Math Doubts

Solving Linear equations in One variable by Trial and Error Method

The linear equations in one variable can be solved by using trial and error method. In this method, different values of the variable are substituted in either one or both sides of the equation to check the property of the equality between them. If the trial is successful for a value, then the values of expressions in both sides of the equation are equal. Otherwise, it is considered as an error.

Due to testing the linear equation for different values, it is often called as Brute force method. Similarly, the value of the variable is actually guessed in this method. Therefore, it is also called as guessing method of solving linear equations in one variable.

Examples

The linear equations in one variable are mainly appeared in four mathematical forms. So, let’s learn all of them to understand how to solve linear equations in one variable mathematically by the trial and error method.

Addition form

$x+6 = 9$ is a linear equation in one variable.

$x$ $L.H.S$ $=$ $Value$ $Trial$
$0$ $0+6$ $=$ $6 \, (\ne 9)$ $Error$
$1$ $1+6$ $=$ $7 \, (\ne 9)$ $Error$
$2$ $2+6$ $=$ $8 \, (\ne 9)$ $Error$
$3$ $3+6$ $=$ $9$ $True$

Substitute different values in the place of $x$ in the left-hand side of equation and observe the value of expression. In this example, the trials from $x = 0$ to $x = 2$ are error.

For $x = 3$, the value of the left-hand side expression is equal to $9$ and it’s exactly equal to the right-hand side of the equation. So, the trials of guessing value of the variable can be stopped.

Therefore, the solution of the linear equation in one variable is $3$.

Subtraction form

$15-p = 20$ is a linear equation in one variable.

$p$ $L.H.S$ $=$ $Value$ $Trial$
$0$ $15-0$ $=$ $15 \, (\ne 20)$ $Error$
$-1$ $15-(-1)$ $=$ $16 \, (\ne 20)$ $Error$
$-2$ $15-(-2)$ $=$ $17 \, (\ne 20)$ $Error$
$-3$ $15-(-3)$ $=$ $18 \, (\ne 20)$ $Error$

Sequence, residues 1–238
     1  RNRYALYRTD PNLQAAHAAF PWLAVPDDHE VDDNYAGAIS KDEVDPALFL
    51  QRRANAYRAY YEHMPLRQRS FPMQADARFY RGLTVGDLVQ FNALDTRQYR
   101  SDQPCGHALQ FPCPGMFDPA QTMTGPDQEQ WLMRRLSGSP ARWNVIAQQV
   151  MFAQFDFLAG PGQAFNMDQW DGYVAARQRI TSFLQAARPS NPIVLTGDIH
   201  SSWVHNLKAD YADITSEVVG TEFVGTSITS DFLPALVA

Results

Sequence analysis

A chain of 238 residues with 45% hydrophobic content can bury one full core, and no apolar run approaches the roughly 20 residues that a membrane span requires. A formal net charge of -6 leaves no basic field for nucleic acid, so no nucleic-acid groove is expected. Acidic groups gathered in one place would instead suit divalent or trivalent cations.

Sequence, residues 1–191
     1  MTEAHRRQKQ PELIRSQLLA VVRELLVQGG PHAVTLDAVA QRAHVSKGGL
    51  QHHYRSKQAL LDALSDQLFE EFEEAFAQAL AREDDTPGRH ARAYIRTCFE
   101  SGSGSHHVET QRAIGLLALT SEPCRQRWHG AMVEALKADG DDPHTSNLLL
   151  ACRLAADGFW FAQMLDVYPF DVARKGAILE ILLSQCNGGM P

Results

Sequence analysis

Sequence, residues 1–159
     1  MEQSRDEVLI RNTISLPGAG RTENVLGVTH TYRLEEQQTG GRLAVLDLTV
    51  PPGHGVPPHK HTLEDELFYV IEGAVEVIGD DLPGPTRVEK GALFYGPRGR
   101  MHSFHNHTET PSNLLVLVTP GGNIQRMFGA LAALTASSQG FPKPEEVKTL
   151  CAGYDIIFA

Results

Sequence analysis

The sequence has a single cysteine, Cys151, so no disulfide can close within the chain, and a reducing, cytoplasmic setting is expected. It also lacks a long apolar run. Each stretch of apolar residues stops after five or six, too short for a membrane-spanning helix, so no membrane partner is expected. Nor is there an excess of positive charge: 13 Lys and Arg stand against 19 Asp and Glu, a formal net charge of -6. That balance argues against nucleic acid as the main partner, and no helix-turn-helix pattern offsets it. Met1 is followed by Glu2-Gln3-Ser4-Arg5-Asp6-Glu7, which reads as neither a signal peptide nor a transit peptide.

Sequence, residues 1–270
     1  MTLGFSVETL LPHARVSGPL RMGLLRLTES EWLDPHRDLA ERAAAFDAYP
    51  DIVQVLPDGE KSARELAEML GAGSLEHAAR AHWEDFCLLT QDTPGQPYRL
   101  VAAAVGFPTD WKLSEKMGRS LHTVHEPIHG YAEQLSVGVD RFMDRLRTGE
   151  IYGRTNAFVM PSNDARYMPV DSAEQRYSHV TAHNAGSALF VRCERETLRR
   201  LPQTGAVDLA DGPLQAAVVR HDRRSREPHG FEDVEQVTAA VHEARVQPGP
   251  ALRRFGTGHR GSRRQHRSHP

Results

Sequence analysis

$-4$ $15-(-4)$ $=$ $19 \, (\ne 20)$ $Error$
$-5$ $15-(-5)$ $=$ $20$ $True$

In this linear equation, the value of the right-hand side of the equation is $20$, which is more than $15$. If you take positive numbers, then the value of the left-hand side of the equation is less than $15$. So, it’s essential to take negative numbers in this case.

The trials from $x = 0$ to $x = -4$ are not correct but it is true for $x = -5$. Therefore, the root of this linear equation in one variable is $-5$.

Multiplication form

$9t = 27$ is a linear equation in one variable.

$t$ $L.H.S$ $=$ $Value$ $Trial$
$0$ $9 \times 0$ $=$ $0 \, (\ne 27)$ $Error$
$1$ $9 \times 1$ $=$ $9 \, (\ne 27)$ $Error$
$2$ $9 \times 2$ $=$ $14 \, (\ne 27)$ $Error$
$3$ $9 \times 3$ $=$ $27$ $True$

Do some trials by substituting different values in $t$ in the left-hand side of the equation and observe the value of the expression for each value.

From $t = 0$ to $t = 2$, the trials are error but it is true for $t = 3$.

Therefore, the solution $t$ equals to $3$ is known as the root of the linear equation in one variable.

Division form

$\dfrac{z}{3} = 2$ is a linear equation in one variable.

$t$ $L.H.S$ $=$ $Value$ $Trial$
$0$ $\dfrac{0}{3}$ $=$ $0 \, (\ne 2)$ $Error$
$1$ $\dfrac{1}{3}$ $=$ $0.3333 \, (\ne 2)$ $Error$
$2$ $\dfrac{2}{3}$ $=$ $0.6667 \, (\ne 2)$ $Error$
$3$ $\dfrac{3}{3}$ $=$ $1 \, (\ne 2)$ $Error$
$4$ $\dfrac{4}{3}$ $=$ $1.3333 \, (\ne 2)$ $Error$
$5$ $\dfrac{5}{3}$ $=$ $1.6667 \, (\ne 2)$ $Error$
$6$ $\dfrac{6}{3}$ $=$ $2$ $True$

Substitute different values in the place of $x$ in the left-hand side of the equation and get the value. If the value of quotient equals to the value in the right-hand side of the equation, then stop the process.

In this case, from $x = 0$ to $x = 5$, the value of the left-hand side of the equation is not equal to the value of the right-hand side of the linear equation. Therefore, all the trials are error. However, the value of the left-hand side of the equation is equal to $2$ if $x$ is equal to $6$.

Therefore, $x = 6$ is called as the root or solution of the linear equation in one variable.

Thus, the solutions of linear equations in one variable are calculated mathematically by trial and error method.

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